Swedish kinsmen The Great Discord were the first to take the stage. The band describes itself as progressive death pop and the sporadically apparent similarities to Devin Townsend Project are uplifting. Their current theme is “no light without darkness“, for The Great Discord explores the spectrum of extreme human sentiments. The front figure, depicted by
The front figure, depicted by Fia Sofia Kempe is an embodiment of these demons. Her painted and hairless white face is garnished by feathers and her black eyes are preying like a raptor. The costume is crowned by a headdress reminiscent of Peter Gabriel’s extravagance. The manifestation of each demon is reflected in her movements, sometimes seductive, sometimes crippled, and plenty of dynamic outbursts. Her powerful vocals are a result of the intense projection of these demons. The instrumentalists are the musical foundation and support the front figures’ stage presence. After their well-used 30 minutes,
After their well-used 30 minutes, The Great Discord closes their set with an epilogue in form of a short instrumental part disrupted by raw and primal screeches. 2.8/5
The next band spurs some controversy among heavy music enthusiasts, as some (elitists) call the fusion of black metal with post-metal elements “hipster” black metal. Their music is presented in a minimalistic gown. The 4 guitarists and drummer of Ghost Bath hold the stage and prepare in silence with no unnecessary chatter in between songs. Their posture looks drained and the vocalist
Their posture looks drained and the vocalist Nameless yanks his head back into his neck, exposing his vulnerable throat while letting out pained howls. There is an air of exhaustion like it is the dawn of extinction, yet there is a faint glimmer of hope. The atmosphere of finality is greeted by ecstasy, like an adrenaline high, just before death. The musical waves are overwhelming as if you are hanging upside down in a stream, conjuring a burning sensation as water gushes up the nostrils. Ghost Bath are much more enjoyable and understandable in a live setting.
The continuous repetition of one phrase creates suspension and the crowd is captured in a loop similar to trance music. It is like a moment stuck in time whilst, but Ghost Bath do not drop the suspense by introducing slight changes and variations. How many different versions of one idea are possible? If one calls this boring, then perhaps the listener is not brave enough to be open, for there is an almost infinite number of versions in the exploration of one idea. The last song is stripping layers like paint as the musicians cross the barrier, exiting the stage one by one through the crowd leaving one guitarist to fade the song into the piano playback. 3/5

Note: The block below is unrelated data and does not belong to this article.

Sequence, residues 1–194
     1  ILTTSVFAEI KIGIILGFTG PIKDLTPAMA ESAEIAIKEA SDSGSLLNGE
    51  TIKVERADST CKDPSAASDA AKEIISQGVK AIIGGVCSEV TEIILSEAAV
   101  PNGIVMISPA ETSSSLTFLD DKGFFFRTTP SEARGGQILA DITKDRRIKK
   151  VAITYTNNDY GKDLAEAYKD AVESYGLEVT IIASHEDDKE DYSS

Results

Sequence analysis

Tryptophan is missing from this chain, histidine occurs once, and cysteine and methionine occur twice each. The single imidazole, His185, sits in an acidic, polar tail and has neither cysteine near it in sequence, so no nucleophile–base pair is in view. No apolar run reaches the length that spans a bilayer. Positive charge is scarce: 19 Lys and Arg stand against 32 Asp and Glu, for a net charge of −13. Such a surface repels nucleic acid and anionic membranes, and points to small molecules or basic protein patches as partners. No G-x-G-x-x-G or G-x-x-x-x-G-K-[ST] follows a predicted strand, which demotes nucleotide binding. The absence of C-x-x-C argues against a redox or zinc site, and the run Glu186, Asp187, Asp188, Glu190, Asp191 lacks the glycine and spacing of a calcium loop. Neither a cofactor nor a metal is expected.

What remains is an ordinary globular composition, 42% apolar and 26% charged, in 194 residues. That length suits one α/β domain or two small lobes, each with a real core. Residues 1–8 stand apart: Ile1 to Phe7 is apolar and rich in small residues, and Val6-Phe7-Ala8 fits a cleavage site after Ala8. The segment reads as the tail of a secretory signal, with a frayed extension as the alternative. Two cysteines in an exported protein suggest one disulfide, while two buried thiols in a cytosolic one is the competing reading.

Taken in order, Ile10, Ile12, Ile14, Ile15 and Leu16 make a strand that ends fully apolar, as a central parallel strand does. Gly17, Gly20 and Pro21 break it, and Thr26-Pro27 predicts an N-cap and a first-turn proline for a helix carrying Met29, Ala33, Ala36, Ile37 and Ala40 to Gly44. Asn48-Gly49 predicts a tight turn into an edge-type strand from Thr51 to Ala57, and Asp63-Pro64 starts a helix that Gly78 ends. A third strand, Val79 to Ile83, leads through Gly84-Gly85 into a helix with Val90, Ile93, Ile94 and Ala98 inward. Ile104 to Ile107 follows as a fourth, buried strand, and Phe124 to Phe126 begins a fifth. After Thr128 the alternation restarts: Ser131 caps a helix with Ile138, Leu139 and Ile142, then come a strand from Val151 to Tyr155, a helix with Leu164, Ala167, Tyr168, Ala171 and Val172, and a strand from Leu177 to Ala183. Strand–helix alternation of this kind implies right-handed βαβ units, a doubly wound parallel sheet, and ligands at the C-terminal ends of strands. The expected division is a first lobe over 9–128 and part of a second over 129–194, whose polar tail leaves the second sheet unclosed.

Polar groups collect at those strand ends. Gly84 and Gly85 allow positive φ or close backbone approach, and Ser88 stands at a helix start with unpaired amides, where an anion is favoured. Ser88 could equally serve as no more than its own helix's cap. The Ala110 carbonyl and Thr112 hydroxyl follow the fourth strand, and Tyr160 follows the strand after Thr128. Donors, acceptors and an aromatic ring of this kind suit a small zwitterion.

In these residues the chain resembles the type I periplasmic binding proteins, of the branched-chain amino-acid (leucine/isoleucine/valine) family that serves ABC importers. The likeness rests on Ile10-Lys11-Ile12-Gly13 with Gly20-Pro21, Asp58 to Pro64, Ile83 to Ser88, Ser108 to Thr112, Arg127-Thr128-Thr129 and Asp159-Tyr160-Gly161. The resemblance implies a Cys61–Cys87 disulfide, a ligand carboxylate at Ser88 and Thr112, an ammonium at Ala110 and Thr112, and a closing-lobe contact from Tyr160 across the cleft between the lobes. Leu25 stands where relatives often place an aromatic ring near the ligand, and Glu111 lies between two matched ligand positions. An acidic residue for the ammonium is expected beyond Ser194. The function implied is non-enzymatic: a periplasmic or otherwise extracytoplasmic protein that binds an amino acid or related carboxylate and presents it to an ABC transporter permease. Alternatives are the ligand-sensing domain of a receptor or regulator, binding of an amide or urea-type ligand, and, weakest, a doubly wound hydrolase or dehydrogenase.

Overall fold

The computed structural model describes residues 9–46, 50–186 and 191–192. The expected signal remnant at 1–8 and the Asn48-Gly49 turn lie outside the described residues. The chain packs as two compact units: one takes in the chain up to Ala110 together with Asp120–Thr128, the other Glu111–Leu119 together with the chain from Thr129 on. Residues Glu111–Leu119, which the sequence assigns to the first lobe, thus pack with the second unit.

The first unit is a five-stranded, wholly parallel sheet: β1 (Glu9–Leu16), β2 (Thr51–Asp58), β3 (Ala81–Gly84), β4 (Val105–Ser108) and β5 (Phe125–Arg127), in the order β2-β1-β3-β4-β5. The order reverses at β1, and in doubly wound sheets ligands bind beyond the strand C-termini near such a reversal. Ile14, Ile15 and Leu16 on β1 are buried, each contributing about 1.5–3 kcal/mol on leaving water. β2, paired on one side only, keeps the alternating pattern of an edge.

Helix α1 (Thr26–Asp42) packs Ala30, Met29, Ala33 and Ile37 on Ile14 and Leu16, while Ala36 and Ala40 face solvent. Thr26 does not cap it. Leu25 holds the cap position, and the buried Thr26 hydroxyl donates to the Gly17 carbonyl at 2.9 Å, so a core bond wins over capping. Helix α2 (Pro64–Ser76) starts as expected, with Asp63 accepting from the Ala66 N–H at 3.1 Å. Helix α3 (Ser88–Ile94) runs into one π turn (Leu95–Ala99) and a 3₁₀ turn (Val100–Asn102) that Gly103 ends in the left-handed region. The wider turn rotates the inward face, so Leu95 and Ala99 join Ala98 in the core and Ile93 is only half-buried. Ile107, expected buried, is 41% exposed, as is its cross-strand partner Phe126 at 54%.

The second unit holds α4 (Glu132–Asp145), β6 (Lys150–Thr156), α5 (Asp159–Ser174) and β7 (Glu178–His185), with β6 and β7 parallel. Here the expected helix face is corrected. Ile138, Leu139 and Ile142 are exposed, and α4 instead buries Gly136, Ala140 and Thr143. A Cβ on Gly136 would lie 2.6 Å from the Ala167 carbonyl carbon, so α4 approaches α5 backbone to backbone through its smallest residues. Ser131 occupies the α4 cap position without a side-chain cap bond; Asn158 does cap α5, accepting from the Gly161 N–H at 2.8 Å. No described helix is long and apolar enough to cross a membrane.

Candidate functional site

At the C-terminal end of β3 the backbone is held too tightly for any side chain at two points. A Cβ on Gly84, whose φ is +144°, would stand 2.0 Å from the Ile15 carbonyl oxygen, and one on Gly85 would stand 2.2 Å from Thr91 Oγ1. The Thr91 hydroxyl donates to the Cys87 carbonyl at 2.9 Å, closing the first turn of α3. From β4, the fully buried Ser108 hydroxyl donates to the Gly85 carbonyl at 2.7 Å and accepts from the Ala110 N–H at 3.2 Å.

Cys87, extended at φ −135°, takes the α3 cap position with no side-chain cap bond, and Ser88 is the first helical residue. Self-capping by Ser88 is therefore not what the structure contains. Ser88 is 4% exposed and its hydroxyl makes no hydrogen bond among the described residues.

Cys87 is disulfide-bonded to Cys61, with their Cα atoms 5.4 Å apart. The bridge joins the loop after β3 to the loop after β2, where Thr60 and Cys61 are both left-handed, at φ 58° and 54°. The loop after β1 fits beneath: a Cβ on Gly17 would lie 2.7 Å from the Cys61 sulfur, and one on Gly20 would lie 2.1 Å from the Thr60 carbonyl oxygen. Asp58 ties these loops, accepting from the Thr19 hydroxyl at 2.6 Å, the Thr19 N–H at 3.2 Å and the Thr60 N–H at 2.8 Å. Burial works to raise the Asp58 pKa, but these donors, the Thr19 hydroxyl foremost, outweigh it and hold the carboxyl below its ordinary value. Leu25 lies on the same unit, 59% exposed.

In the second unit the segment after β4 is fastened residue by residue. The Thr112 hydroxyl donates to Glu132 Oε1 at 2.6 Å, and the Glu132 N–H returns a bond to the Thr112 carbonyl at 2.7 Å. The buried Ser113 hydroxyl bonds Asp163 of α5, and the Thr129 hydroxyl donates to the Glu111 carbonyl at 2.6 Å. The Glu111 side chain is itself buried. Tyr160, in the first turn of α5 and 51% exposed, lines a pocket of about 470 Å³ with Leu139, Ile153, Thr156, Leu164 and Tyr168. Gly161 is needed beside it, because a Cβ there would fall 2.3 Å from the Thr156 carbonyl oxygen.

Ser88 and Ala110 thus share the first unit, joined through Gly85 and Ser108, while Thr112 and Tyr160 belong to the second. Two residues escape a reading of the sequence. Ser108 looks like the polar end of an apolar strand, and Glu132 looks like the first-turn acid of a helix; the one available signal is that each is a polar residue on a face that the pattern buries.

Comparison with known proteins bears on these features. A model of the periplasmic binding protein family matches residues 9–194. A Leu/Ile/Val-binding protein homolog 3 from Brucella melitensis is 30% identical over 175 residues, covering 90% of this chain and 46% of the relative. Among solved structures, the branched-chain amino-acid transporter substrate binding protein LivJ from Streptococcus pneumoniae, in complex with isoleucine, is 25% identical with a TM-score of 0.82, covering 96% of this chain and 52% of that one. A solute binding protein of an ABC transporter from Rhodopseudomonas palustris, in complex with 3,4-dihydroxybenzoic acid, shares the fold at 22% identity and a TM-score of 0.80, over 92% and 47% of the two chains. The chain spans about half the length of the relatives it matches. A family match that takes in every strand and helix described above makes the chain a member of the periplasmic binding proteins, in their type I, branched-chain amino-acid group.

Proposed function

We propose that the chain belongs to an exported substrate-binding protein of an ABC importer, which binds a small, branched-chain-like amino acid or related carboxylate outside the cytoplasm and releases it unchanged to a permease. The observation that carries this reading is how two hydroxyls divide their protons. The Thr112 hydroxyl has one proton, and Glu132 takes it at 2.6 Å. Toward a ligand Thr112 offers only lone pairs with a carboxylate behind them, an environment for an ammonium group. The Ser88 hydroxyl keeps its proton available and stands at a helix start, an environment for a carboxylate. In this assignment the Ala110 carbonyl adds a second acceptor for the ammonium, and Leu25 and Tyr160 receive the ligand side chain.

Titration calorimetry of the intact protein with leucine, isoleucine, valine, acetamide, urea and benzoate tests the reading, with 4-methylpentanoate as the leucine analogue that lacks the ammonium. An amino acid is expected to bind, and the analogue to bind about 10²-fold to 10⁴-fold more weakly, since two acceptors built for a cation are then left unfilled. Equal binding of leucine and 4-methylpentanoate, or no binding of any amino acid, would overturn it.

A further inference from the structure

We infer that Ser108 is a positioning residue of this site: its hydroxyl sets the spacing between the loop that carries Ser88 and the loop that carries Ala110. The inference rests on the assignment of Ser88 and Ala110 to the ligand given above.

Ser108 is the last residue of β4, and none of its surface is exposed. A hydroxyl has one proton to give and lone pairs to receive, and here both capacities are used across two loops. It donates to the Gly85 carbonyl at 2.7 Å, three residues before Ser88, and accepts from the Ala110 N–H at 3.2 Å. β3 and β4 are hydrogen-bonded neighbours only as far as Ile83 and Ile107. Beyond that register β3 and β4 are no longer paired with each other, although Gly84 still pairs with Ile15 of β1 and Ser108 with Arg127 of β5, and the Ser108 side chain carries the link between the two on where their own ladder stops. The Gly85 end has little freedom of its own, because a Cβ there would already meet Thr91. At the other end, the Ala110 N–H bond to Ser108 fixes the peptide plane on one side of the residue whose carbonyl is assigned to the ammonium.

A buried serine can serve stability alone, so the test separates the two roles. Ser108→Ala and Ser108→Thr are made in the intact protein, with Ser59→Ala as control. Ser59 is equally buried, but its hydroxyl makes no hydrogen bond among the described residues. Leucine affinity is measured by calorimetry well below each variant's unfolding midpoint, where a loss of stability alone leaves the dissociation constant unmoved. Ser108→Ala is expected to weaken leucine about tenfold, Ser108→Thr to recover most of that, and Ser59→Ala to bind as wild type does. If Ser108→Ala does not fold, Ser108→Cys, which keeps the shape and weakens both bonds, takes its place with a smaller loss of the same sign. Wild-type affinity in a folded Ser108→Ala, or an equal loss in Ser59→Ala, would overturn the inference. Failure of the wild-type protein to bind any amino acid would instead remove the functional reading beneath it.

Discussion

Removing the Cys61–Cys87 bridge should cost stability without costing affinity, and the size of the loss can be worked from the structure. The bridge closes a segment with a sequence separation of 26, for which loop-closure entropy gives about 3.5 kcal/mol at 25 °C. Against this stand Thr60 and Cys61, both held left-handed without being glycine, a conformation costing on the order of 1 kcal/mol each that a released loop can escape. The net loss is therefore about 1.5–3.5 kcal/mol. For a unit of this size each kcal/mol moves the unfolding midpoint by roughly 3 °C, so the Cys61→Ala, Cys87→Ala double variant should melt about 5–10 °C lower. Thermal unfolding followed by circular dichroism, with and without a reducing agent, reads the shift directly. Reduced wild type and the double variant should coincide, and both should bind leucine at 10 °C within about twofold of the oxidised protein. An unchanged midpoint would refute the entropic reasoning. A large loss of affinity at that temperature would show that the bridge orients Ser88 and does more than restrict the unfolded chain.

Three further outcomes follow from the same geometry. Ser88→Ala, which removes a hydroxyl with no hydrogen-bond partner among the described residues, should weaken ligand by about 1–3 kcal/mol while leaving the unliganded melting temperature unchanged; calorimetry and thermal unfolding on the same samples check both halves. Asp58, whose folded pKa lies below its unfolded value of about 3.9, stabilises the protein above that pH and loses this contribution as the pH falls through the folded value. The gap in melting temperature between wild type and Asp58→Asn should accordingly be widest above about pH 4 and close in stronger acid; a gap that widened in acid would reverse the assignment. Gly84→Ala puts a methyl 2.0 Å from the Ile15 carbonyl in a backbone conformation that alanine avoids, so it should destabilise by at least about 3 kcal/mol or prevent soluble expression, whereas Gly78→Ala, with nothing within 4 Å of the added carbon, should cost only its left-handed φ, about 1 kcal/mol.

Finally, Katatonia enters the stage in a humble manner. Their presence is not menacing and they are sharing their energy evenly and in a constant stream that slowly sedates the crowd throughout their meticulous and balanced set which revisits the old and presents the new. It is not clear whether people are embracing the songs of their most recent album as much as Katatonia’s distinctive songs such as “Teargas“, “July” or “My Twin“, for there are loud cries when they revisit these songs.
When Jonas Renske greets the audience his tone is warm and the communication in between songs is gentle. The silhouettes of the members remain mostly in the shadows, the faces are masked by long hair. The movements and facial expressions of the musicians remain mostly tranquil, Jonas Renkse is cradling his free arm close to his chest, or gestures to the musical highlights and the instrumentalists are moving modestly to their music. Katatonia’s energy level remains smooth throughout their 90-minute set. In one brief
In one brief moment, the boundaries are being pushed as new guitarist Roger Öjersson opens the emotional spectrum by letting out some high-pitched backing vocals. Moments in which any kind of performer explores their end-range are precious.
There is very little tension in the audience, the spectators seem zen as fuck and come forth to embrace the Swedish conductors of melancholy. Katatonia’s songs are storytelling, the vocals are lying clearly on top of the music like a recitative. The projection of this band is facing inwards and inspires introspection. The audience receives the invitation and people are adrift. From both sides, this gig is remarkably peaceful. There are no emotional extremes displayed, it seems like Katatonia has lulled the crowd into a state of being in between time and memory, not being completely in the present nor past. Their lullabies are interspersed with carefully manoeuvred heavy duty and the crowd is immersed in individual little worlds reflecting inwards. It is a state of communal solitude. 3.5/5
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